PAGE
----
When it comes to predicting the future of the HR function, not many companies are as forward thinking as IBM. A veritable titan in the world of people tech, IBM leads the way in innovative thinking and reinvention.
HR Tech News caught up with Benoit Hardy-Vallée, Associate Partner at IBM, to debate the next ten years of digitalization in the sector – and he divulged where he believes ‘HR’ begins.
“I think HR is accountable when a talent decision will have a direct impact on the business,” Hardy-Vallée told HR Tech News.
“Obviously, HR is instrumental in the employee lifecycle from hiring to retiring; but they also deal directly or indirectly with all these micro decisions regarding work and individual employees – how we staff, delegate, distribute and reward work. They’re not necessarily decisions that HR will be taking themselves, but HR leaders will have to shape, enable and create the environment in which the decision-makers will operate.
“Employees, day-to-day, are all evolving in an environment created for them by our HR departments.”
With eight years in human capital management consulting and a further ten in consulting, Hardy-Vallée is well placed to predict the future trends prevalent in technology.
“We’re undergoing a “technologization” of HR, which I’ve seen many senior leaders flag as their top priority – both as a challenge and as an opportunity,” he explained.
“If we go back 30 years, we saw the emergence of HRIS (Human Resource Information Systems), which are systems of record. This then led into the digitization of talent management, also mostly systems of records, and now we have systems of engagement, i.e. systems that shape how we interact with HR. This is creating a lot of discussion on how technology will help HR, whilst also raising questions around data, privacy and efficient programming. The traditional objectives of HR will not go away.
“Of course, you still need to hire the right people and have an engaged workforce, however leaders are now realizing that if you don’t have convenient, seamless technology in place it’s incredibly difficult to do the work that needs to be done. People simply won’t be as productive. Leaders now know that they need to bring their levels of digitalization up to the standards of the consumer world – but you can’t just click your fingers and expect this to happen. You need to get a budget in place and create a partnership between IT, finance, marketing and HR.”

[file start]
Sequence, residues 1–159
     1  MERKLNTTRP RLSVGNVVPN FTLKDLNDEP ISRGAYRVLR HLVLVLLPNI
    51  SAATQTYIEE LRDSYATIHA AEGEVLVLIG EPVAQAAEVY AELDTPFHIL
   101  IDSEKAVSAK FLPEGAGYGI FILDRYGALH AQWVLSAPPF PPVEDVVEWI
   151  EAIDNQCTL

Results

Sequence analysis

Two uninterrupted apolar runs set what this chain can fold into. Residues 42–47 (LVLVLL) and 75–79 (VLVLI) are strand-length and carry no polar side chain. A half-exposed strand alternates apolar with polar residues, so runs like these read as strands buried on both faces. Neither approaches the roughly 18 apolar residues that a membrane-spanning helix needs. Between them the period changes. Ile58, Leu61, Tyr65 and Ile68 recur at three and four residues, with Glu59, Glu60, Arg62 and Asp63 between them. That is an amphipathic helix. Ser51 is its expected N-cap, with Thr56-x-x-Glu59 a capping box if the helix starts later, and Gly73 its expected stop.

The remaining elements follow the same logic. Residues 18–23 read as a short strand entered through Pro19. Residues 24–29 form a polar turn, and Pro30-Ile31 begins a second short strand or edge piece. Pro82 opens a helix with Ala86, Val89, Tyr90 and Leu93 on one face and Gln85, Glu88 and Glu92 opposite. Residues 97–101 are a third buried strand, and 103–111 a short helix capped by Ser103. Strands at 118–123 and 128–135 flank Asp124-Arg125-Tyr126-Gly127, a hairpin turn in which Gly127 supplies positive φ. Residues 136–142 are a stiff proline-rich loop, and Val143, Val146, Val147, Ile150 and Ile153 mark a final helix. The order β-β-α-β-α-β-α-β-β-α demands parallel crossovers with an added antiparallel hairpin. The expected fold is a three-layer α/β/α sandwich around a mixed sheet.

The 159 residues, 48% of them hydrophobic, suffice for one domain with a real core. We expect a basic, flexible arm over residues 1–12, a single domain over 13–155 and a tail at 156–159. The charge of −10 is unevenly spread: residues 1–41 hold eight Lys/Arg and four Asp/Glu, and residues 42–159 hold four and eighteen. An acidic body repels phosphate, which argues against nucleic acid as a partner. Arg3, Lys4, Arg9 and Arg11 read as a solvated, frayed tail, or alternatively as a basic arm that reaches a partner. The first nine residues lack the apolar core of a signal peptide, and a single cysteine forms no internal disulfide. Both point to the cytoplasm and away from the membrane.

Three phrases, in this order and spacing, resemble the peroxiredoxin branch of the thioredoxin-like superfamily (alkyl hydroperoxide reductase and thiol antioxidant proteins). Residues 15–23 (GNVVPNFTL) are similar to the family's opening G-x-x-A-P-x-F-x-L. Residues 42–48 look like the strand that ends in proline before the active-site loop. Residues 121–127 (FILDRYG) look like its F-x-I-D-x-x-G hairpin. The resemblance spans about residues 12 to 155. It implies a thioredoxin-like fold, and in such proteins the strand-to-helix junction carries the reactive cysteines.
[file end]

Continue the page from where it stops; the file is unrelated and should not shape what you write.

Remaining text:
One area that Hardy-Vallée picked up on in particular was the elusive role of AI in HR. An ever-evolving tool which evokes both excitement and trepidation in leaders, AI has the ability to rip the people function apart and reconstruct it in a different image.
“I think HR is now seeing and understanding the value that AI can bring to the table,” added Hardy-Vallée. “One of the first places we’ve seen this is in talent acquisition and talent mobility. Acquisition has a significant ROI, so having a candidate assistant or any tool that creates more engagement with the candidate is something a lot of companies are experimenting with.
“The other side of that, i.e. mobility or development, deals with employees being able to change jobs internally and having access to an assistant that gives them career advice or learning recommendations. This cuts out that awkward conversation with the manager about changing teams.
“Over time, we will see a shift for HR where the first point of contact will be almost exclusively digital, while the human intervention will come at a higher level – this will provide the consumer-like experience to the employee with the human touch when it is required.”